Poison Waters
He/Him, She/Her

Over three decades ago, Portland met a new face—that of Poison Waters. She's vivacious, peppy and delightfully direct, with a large personality you honestly can't get enough of. The same can be said for Kevin Cook, the man behind the woman, and what Kevin does with Poison Waters speaks wonders to what one person can do with themselves: He gives back to our community in so many ways.

Cook has co-hosted shows at the country's longest-running drag club, Darcelle XV Showplace, since the early '90s, but he often takes his talents to other stages, where he hosts and MCs various fundraisers and events for nonprofit organizations locally and nationally. As himself and as Poison Waters, the list of causes he supports runs deep, including organizations like Camp KC (Kids Connection), Friendly House, the American Civil Liberties Union, Cascade Aids Project and Habitat for Humanity.

Having faced financial and racial adversity himself, Cook holds community building, education and management as his top priorities. He's the definition of booked and busy, and he hopes to make waves and change lives by filling every day in his schedule. It's hard work—but he wouldn't have it any other way.

G!G: It seems like you are always doing a lot. What drives you to keep going so much and so hard?

When I was growing up, we were very poor. We didn't have a lot. Nonprofits would help us with utilities, rent, food and clothing—it was very impactful, and I want to make sure I don't let that go to waste. I see a lot of people not doing anything to give back, but I always have to keep doing something. I don't want to slow down. I'm really aware of how lucky I am to be where I am, because I know it could've gone a whole other way being a poor little black boy in Portland. I recognize that I need to take advantage of the blessings I have, the talent I have and the positive attitude I have. I need to keep pushing that out there. I know that bringing my unique presence to each event helps raise more than what they might have otherwise. No one's going to benefit from me sitting on the couch.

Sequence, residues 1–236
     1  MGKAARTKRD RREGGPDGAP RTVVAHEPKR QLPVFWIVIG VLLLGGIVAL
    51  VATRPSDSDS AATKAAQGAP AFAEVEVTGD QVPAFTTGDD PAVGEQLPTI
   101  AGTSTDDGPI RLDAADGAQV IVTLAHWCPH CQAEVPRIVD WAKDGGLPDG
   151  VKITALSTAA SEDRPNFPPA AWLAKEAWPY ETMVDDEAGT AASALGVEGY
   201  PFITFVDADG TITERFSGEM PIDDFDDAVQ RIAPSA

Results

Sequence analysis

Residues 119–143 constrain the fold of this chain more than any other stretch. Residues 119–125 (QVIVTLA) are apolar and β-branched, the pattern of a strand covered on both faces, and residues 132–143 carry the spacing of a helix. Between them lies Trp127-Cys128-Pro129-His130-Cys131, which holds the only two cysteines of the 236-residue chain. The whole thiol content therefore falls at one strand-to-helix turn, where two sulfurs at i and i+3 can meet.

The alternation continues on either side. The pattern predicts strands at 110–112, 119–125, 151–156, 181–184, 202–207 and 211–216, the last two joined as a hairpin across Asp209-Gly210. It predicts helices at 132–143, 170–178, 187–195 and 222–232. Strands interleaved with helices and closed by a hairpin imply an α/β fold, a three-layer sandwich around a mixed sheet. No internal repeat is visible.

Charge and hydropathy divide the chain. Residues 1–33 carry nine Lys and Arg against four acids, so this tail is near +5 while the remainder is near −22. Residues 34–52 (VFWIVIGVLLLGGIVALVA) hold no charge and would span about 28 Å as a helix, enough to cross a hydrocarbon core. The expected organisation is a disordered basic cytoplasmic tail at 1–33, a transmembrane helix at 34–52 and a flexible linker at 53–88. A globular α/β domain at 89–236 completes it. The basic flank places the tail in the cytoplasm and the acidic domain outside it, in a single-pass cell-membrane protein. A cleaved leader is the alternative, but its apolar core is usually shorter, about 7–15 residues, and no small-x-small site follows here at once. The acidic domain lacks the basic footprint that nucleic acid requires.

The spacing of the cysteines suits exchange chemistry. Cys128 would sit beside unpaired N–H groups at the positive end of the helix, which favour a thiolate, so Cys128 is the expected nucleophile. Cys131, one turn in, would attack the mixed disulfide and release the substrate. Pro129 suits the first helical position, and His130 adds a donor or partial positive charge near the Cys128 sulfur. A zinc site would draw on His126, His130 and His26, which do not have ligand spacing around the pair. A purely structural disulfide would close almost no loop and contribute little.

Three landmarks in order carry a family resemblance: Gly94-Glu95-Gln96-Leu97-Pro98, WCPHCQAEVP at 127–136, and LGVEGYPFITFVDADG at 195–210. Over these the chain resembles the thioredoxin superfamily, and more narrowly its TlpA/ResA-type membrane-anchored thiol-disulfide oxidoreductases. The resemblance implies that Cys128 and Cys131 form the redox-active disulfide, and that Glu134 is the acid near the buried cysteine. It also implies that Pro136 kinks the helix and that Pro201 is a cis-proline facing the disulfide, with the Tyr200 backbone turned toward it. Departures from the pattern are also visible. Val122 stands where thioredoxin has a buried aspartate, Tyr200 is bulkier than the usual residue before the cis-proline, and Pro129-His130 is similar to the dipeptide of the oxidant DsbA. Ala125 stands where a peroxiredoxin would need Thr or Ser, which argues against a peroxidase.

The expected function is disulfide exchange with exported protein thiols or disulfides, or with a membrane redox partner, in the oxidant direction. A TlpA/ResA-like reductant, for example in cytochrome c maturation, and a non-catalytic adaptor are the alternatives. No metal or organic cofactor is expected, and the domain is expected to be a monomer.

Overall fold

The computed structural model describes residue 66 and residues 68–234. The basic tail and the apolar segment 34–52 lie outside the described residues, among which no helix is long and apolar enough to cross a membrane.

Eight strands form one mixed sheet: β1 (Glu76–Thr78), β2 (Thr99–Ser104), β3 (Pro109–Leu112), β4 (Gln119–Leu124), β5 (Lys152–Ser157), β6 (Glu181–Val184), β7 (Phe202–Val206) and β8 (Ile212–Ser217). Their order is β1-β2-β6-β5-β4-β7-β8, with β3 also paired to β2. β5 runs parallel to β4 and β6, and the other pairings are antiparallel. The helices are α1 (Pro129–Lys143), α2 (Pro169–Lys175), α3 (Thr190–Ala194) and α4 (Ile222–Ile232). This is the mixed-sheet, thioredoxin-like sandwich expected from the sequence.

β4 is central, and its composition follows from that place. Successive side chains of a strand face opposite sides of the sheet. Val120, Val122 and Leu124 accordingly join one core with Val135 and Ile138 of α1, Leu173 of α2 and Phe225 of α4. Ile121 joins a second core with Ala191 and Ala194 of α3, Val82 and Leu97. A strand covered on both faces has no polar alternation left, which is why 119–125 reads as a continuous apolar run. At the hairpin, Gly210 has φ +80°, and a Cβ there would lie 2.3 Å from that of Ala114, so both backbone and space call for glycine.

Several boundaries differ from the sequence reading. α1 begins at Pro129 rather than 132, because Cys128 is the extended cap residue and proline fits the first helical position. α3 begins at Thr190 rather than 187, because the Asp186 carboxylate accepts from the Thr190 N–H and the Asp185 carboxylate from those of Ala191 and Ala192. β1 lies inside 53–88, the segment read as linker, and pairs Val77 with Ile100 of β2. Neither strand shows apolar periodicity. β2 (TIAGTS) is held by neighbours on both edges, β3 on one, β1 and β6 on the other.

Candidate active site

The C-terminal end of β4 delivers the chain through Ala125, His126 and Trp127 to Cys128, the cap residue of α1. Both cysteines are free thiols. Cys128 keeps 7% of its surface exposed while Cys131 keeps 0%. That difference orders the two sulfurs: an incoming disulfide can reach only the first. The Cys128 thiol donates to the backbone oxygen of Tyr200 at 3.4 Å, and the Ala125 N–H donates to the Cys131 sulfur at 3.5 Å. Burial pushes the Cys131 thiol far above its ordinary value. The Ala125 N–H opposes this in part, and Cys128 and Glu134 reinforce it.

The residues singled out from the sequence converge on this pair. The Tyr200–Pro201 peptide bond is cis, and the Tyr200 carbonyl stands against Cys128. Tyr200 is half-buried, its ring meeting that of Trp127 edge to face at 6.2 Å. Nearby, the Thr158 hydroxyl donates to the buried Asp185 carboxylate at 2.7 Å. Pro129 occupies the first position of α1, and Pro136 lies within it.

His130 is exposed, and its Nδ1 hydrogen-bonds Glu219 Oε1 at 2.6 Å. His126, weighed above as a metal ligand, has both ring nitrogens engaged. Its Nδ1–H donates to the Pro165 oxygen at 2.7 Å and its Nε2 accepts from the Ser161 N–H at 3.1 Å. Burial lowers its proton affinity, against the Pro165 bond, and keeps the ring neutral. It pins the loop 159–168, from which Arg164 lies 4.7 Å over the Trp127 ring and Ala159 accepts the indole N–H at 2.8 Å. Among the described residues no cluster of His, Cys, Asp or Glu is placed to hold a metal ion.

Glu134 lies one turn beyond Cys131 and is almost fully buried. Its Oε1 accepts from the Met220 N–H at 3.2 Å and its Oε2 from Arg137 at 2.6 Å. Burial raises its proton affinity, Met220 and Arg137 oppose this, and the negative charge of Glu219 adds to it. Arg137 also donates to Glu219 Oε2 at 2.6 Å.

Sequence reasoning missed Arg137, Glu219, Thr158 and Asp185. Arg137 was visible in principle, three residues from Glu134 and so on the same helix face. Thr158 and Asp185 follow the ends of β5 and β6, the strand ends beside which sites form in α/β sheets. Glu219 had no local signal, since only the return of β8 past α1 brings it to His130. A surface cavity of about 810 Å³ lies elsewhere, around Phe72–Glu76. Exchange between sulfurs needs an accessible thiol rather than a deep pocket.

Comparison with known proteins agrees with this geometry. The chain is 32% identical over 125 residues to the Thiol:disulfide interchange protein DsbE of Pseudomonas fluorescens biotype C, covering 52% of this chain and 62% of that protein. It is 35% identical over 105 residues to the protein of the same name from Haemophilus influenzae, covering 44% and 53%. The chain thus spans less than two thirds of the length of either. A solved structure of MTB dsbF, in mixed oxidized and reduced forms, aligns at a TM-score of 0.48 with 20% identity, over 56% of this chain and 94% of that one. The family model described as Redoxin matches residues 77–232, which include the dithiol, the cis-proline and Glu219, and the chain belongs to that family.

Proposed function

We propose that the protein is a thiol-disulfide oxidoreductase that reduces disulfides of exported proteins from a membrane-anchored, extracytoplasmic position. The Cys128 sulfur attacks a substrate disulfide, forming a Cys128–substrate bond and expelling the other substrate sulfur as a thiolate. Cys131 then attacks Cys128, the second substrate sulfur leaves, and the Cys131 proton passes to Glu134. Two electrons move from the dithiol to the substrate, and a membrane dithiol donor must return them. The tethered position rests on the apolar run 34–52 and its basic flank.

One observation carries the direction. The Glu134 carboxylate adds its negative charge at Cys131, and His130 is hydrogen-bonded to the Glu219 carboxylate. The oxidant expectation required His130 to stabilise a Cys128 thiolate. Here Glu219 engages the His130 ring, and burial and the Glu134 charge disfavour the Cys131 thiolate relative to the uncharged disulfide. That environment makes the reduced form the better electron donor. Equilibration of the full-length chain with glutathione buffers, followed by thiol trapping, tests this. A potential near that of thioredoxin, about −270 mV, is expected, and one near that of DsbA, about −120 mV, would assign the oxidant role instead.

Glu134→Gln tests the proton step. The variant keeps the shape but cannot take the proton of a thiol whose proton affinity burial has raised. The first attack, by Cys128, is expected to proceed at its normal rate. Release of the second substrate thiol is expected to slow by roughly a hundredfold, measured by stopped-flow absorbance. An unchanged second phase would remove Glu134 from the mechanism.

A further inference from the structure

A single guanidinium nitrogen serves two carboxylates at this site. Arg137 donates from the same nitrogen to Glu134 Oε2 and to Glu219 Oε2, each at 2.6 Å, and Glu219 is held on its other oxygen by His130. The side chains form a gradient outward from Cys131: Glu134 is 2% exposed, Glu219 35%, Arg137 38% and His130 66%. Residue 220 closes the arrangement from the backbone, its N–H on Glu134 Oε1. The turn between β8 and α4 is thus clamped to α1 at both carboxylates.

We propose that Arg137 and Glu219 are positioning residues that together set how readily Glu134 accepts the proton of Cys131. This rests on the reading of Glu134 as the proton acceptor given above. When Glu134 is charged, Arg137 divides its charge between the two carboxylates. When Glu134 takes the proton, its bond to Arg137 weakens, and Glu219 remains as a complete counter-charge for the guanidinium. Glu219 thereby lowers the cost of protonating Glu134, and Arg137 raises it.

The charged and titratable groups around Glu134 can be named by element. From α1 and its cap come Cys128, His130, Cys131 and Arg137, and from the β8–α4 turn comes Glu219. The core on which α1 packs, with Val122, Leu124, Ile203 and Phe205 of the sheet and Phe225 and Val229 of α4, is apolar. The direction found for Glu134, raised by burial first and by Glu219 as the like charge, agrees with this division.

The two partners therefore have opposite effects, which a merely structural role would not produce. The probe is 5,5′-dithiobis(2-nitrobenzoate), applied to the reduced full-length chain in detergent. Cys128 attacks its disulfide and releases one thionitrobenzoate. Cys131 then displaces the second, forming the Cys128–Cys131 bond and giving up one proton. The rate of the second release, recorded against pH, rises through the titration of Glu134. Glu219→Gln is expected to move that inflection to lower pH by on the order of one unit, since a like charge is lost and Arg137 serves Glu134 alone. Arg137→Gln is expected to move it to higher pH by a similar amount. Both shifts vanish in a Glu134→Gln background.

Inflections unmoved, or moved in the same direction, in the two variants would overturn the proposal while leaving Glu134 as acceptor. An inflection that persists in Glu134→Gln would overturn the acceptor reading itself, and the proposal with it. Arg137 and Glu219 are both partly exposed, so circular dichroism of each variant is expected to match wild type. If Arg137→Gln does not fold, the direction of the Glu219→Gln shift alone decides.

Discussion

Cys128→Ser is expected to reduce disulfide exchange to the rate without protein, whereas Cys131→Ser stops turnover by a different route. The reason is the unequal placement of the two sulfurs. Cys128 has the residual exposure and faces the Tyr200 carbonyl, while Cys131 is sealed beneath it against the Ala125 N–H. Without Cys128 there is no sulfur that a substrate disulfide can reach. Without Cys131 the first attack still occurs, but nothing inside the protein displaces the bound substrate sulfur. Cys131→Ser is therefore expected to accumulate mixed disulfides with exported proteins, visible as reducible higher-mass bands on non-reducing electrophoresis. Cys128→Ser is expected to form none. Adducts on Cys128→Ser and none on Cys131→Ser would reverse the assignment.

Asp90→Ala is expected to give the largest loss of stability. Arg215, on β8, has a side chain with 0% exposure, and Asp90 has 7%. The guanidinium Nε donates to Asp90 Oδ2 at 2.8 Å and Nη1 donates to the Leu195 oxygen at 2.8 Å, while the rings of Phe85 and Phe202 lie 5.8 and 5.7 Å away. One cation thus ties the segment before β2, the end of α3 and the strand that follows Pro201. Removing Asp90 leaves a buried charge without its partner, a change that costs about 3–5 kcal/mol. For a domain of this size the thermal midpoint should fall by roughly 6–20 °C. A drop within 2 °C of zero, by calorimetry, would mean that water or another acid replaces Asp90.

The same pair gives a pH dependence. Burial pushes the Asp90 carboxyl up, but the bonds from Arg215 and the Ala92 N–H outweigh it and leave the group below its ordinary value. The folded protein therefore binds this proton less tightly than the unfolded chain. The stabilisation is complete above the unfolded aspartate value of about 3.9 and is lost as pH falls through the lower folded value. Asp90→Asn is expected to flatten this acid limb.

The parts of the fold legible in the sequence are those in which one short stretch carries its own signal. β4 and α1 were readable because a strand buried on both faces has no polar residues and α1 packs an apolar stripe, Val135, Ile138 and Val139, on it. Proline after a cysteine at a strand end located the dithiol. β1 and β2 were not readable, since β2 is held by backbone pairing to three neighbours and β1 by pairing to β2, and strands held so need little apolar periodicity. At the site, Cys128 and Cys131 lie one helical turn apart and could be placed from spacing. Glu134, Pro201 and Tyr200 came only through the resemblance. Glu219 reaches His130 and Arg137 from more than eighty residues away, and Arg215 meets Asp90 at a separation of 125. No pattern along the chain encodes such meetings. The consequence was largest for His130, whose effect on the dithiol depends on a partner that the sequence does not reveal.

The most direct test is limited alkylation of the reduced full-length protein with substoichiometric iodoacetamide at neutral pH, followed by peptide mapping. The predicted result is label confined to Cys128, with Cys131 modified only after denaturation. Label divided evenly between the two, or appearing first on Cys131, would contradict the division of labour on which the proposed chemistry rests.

Because you've been here for so long building and fostering relationships in the community, how have you seen the drag community and the communities of color change?

They have all changed—some for the better and some not so much for the better. I came out in the late '80s, when HIV and AIDS were taking their toll within the community and outside the community. Within the community, it was killing everybody. Outside of the community, it was making us lepers. It was before the world knew that straight people could get it, that women could get it and that children could get it. Within our community, we were doing everything we could in drag to uplift people and just have as much fun as we could, but we were also holding fundraisers and shows to try to make money for our friends who didn't have anything. Even within the black community, the overall consensus was us black drag queens—and there was a good ol' bunch of us back then—were our own black community within the greater black community. The rest of Portland wasn't trying to deal with gay, drag queen black boys. We were ostracized.

Hopefully, it's not that way anymore, though— especially considering how a lot of the spaces you work in now are ostracizing in different ways. So, having to work in typically white spaces—especially with your intersectional identities—is it ever emotionally draining for you?

It used to be. People literally used to say, "You're the prettiest colored girl I've ever met!" or, "What are you doing dressed up like this, shouldn't you be playing basketball?" People saying things like that would make it draining for me back then. I would have to hold it in and just smile. Now, I'm at a time in my life where I've realized that ignorance is ignorance, and me just being in these places is the first step in educating those folks. Sometimes, I'm the only black person in a room of 500. If I can at least show that black people are OK, gay people are OK and drag queens are OK, that makes me feel good—like in some way I'm able to chip away at those walls.